It may have been understandable for the BJP to go into the polemics of decimating prime opposition parties like the Congress and the Left. But when the regional parties also started feeling the heat, the stated ‘neutrality’ that these parties usually have towards the BJP and the Congress was undone. This led the parties to move towards the Congress’ side – a trend the BJP leadership seems to have gifted to its prime rival.

Take, for instance, the fact that it unnecessarily antagonised its ally  TDP in Andhra Pradesh by issuing provocative statements over the latter’s demand for a ‘special category‘ status for the state. In Bengal, Mamata Banerjee was targeted over the board. Even in Odisha, where the political culture is relatively decent (indicated by the absence of a murky exchange of name-calling by the political rivals), the BJP president calling Naveen Patnaik a ‘phata transformer’ recently has not gone down well with a majority of the electorates. The BJP seems to have forgotten the fact that many of its victories spree in the north and in the Hindi heartland was the outcome of meticulous alliances with regional parties.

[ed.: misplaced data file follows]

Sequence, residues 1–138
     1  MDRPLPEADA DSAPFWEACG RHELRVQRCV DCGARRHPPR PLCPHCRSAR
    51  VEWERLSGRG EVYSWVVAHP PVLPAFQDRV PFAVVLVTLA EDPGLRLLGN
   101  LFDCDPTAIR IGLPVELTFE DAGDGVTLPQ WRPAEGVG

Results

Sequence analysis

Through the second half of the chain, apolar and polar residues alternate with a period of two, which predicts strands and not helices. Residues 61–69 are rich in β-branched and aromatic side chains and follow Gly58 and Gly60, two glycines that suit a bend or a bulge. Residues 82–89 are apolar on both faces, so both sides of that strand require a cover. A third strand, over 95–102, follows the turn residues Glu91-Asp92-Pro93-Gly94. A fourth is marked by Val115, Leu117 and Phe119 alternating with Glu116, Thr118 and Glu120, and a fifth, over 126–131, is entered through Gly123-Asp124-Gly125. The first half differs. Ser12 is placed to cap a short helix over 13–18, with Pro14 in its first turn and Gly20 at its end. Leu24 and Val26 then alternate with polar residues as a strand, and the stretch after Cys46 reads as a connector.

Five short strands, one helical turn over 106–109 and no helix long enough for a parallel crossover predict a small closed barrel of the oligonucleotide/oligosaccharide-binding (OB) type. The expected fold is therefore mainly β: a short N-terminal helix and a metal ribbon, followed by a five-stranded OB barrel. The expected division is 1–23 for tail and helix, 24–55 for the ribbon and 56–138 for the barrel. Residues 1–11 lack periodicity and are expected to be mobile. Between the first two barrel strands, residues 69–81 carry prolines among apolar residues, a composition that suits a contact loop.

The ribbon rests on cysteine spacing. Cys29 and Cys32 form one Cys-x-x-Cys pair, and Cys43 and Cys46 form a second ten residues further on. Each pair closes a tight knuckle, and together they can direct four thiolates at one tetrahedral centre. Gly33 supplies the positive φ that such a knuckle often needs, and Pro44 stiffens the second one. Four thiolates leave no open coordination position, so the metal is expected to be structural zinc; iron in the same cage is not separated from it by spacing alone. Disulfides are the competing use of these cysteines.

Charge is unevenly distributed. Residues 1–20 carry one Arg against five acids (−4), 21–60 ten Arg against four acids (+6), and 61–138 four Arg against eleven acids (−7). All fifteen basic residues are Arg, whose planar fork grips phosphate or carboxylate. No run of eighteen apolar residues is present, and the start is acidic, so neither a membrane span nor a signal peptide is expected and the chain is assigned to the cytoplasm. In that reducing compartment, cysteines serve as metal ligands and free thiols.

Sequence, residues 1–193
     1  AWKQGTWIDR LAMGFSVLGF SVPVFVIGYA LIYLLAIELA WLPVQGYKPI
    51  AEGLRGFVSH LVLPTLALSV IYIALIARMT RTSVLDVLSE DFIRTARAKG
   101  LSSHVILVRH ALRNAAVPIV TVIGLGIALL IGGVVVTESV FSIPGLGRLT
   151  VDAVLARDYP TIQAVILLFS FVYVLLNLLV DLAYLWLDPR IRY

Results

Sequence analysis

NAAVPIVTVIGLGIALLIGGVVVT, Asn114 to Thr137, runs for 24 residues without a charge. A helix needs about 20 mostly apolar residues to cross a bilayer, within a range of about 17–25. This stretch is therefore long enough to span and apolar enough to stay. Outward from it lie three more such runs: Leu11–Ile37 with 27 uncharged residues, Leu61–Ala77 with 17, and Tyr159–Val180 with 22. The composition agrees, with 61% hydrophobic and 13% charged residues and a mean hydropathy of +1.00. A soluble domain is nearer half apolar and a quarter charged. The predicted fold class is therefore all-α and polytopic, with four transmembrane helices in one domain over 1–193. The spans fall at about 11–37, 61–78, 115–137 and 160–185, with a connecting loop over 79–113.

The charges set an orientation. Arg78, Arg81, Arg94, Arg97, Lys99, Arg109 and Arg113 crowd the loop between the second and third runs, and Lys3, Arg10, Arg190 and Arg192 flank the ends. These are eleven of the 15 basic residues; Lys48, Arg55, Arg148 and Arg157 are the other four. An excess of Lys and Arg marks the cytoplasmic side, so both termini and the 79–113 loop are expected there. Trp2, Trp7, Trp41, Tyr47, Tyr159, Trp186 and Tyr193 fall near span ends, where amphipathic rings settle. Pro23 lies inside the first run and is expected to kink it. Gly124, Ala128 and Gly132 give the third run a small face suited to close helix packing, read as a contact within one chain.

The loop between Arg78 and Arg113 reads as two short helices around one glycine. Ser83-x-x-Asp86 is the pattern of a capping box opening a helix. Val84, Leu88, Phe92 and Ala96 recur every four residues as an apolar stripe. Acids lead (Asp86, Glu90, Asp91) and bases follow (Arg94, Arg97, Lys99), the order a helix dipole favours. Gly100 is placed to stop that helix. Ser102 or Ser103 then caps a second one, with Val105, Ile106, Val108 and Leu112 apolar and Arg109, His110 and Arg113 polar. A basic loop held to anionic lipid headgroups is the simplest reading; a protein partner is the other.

Political genius lies not only in devising strategies to ensure victory for one’s party, but also in preventing the possibility of a consolidation of rival parties. In the previous regimes of NDA I and UPA I and II, while their respective political strategists lacked the aggression and determination that Amit Shah has demonstrated in his political acumen, they at least ensured that their rivals remain a divided house – a task BJP under the Modi-Shah duo have failed to ensure.

As a final analysis, it would seem that the aggressive political strategies of Amit Shah against BJP’s rival parties is creating a conducive ambience for the coming-together of regional parties in 2019. These alliances have made the BJP’s electoral gains a ‘zero sum game’ in the long term – a trend unambiguously revealed by the electoral outcomes in the by-elections, particularly in the populous states of Uttar Pradesh and Bihar.

The author has a Ph.D from the Centre for Political Studies. He is associated with Peoples Pulse, a Hyderabad-based research organisation.